CLINICAL FINDINGS Lameness examination revealed effusion of the right (horse 1) or left (horse 2) femoropatellar and medial femorotibial joints and grade 3/5 (horse 1) or 4/5 (horse 2) lameness. A diagnosis of cranial cruciate ligament (CCL) injury with associated mineralization and avulsion (horse 1) or mineralization alone (horse 2) was facilitated in both horses with a caudomedial-craniolateral oblique radiographic view obtained 45° medial to the caudocranial line, which highlighted the origin of the ligament on the caudoaxial aspect of the lateral femoral condyle within the intercondylar fossa. These lesions were subsequently confirmed via CT.
TREATMENT AND OUTCOME Arthroscopy of the medial and lateral femorotibial joints was performed for horse 1 and revealed the osseous fragment associated with the CCL, but the fragment could not be removed. Horse 2 was euthanized while anesthetized following CT owing to the poor prognosis.
CONCLUSIONS AND CLINICAL RELEVANCE Radiography is typically the first imaging modality attempted for horses with CCL injury, particularly outside the hospital setting. A 45° caudomedial-craniolateral oblique radiographic view may aid in diagnosis of CCL injury when avulsion or mineralization is present. Although this view is not commonly included in the typical radiographic series for imaging of the stifle joint in horses, it should be considered when CCL injury is suspected.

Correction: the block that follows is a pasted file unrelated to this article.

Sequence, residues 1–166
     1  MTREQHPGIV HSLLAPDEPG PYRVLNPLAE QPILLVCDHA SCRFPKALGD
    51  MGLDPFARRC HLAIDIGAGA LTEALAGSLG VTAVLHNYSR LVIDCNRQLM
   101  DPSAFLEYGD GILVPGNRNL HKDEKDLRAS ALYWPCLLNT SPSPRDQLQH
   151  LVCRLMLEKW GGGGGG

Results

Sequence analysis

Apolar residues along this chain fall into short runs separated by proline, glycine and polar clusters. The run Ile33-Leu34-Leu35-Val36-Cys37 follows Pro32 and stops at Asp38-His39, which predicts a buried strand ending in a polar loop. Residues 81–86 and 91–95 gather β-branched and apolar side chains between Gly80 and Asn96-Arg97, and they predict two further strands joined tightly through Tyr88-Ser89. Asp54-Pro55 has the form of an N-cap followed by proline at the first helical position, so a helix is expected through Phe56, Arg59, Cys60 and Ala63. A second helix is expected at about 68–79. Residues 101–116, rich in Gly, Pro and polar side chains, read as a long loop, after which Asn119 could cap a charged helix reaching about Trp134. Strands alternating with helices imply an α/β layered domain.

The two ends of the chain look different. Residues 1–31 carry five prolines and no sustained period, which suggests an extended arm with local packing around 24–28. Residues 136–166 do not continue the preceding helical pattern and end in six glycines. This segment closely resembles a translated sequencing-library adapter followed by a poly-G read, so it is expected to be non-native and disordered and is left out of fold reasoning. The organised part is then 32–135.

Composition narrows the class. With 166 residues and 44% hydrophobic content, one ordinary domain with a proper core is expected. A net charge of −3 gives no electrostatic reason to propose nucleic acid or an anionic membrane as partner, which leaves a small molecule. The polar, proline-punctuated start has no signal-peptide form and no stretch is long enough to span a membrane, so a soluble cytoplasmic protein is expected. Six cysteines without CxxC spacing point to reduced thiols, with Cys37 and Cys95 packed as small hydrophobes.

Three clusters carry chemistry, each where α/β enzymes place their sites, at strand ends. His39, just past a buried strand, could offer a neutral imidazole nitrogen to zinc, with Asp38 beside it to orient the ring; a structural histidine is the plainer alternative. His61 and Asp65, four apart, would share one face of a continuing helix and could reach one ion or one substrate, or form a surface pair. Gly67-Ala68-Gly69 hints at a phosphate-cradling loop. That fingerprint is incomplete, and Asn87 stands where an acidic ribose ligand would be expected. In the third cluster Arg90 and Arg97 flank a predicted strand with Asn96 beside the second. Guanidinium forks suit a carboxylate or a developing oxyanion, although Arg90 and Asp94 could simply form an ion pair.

OBJECTIVE To evaluate the effects of exercise in an underwater treadmill (UWT) on forelimb biomechanics and articular histologic outcomes in horses with experimentally induced osteoarthritis of the middle carpal joint.
ANIMALS 16 horses.
PROCEDURES An osteochondral fragment was induced arthroscopically (day 0) in 1 middle carpal joint of each horse. Beginning on day 15, horses were assigned to exercise in a UWT or in the UWT without water (simulating controlled hand walking) at the same speed, frequency, and duration. Thoracic and pelvic limb ground reaction forces, thoracic limb kinematics, and electromyographic results for select thoracic limb muscles acting on the carpi were collected on days -7 (baseline), 14, 42, and 70. Weekly evaluations included clinical assessments of lameness, response to carpal joint flexion, and goniometric measurements of thoracic limb articulations. At study conclusion, articular cartilage and synovial membrane from the middle carpal joints was histologically examined.
RESULTS Exercise in a UWT significantly reduced synovial membrane inflammation and resulted in significant clinical improvements with regard to symmetric thoracic limb loading, uniform activation patterns of select thoracic limb muscles, and return to baseline values for carpal joint flexion, compared with results for horses with simulated hand walking.
CONCLUSIONS AND CLINICAL RELEVANCE Overall improvements in thoracic limb function, joint range of motion, and synovial membrane integrity indicated that exercise in a UWT was a potentially viable therapeutic option for the management of carpal joint osteoarthritis in horses.